Beware the recent changes in employee policies caused by the NLRB

This post is a warning for businesses and non-profits.  The National Labor Relations Board (NLRB) has been very active in challenging many employee policies that had been settled law.  This blog, HR Quick Answers, is a service of New Wind Business Solutions,  a company that custom-designs Employee Handbooks for businesses and non-profits throughout the USA.  Lately, writing employee policies has become a landmine due to an over-active NLRB.  They have attacked standard company policies like 1) at-will employment, 2) confidentiality during investigations, 3) off-duty access of facilities, and 4) an attempt to force quickie elections.  Some of these policies have been settled law for over 30 years, yet the NLRB suddenly sees them as a violation of Section 7, hindering employees’ rights to unionize.    You might want to read some of the attorney website links below, because these changes could greatly affect your organization:

http://www.franczek.com/frontcenter-NLRB_Workplace_Investigations_Policies.html

http://www.fordharrison.com/8651

http://www.jacksonlewis.com/resources.php?NewsID=4160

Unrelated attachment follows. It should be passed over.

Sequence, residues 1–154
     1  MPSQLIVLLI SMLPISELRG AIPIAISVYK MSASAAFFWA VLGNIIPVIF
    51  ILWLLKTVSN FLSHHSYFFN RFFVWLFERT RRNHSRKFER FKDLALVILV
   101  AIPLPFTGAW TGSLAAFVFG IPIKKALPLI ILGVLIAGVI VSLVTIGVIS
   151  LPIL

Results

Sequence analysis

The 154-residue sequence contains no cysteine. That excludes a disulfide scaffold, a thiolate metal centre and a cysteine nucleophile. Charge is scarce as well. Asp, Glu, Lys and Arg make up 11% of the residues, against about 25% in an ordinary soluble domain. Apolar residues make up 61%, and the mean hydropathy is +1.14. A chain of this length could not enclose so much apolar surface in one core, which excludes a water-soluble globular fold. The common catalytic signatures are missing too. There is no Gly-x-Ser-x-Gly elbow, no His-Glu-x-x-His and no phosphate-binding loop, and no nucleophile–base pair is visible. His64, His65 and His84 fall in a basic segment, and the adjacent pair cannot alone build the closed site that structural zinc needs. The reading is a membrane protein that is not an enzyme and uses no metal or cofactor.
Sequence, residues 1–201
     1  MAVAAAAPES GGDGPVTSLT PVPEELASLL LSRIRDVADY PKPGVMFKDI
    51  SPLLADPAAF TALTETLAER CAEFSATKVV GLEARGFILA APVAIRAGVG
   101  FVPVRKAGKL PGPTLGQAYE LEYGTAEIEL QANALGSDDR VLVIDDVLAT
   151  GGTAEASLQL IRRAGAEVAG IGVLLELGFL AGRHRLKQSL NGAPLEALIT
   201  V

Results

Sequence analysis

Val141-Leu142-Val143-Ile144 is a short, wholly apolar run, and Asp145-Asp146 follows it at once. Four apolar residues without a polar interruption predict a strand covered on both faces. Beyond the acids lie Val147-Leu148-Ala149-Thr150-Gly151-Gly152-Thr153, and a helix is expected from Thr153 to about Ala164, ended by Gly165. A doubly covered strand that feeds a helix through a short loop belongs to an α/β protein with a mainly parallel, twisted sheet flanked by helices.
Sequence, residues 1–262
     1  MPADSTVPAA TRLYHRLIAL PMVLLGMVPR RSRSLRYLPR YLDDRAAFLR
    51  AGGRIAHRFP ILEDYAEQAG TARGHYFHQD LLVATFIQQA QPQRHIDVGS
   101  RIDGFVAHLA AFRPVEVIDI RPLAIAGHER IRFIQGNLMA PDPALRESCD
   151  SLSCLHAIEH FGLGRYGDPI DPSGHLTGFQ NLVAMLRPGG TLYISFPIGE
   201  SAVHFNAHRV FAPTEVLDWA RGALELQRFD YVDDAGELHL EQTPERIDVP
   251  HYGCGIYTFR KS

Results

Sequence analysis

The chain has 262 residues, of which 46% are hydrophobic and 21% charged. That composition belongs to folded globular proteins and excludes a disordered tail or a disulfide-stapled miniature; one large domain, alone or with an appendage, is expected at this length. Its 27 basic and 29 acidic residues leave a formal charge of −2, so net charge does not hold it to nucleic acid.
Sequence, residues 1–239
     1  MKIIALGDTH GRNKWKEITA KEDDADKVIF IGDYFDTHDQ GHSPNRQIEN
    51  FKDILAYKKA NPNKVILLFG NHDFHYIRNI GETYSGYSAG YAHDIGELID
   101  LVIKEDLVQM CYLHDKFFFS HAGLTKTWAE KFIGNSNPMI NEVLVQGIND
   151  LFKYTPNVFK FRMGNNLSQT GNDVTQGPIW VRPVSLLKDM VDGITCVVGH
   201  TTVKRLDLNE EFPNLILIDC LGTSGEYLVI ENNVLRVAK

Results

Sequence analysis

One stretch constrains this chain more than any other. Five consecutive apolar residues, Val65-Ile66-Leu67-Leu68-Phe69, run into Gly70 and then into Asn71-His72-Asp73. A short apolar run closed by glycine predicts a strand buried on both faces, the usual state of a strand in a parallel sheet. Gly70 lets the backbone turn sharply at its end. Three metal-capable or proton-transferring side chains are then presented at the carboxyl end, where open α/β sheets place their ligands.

http://employerlawupdate.com/at-will-language-held-to-violate-the-national-labor-relations-act/

It is important that any employee policies are carefully written, considering all of these changes (and the many others brought on by the EEOC, DOL, various courts, and your particular state).  Even if you have an Employee Handbook already in place, you may want to review those policies to make sure they still comply in this fast-changing environment.

At New Wind, we consider all of these changes whenever we design a custom employee handbook for a client. (http://www.go2newwind.com/employee-handbooks.html)  However, we want to make sure all organizations are properly warned of these changes, whether they are a client of ours or not.  Take the time to become educated or your business may suffer the consequences.

One thought on “Beware the recent changes in employee policies caused by the NLRB

  1. Mack

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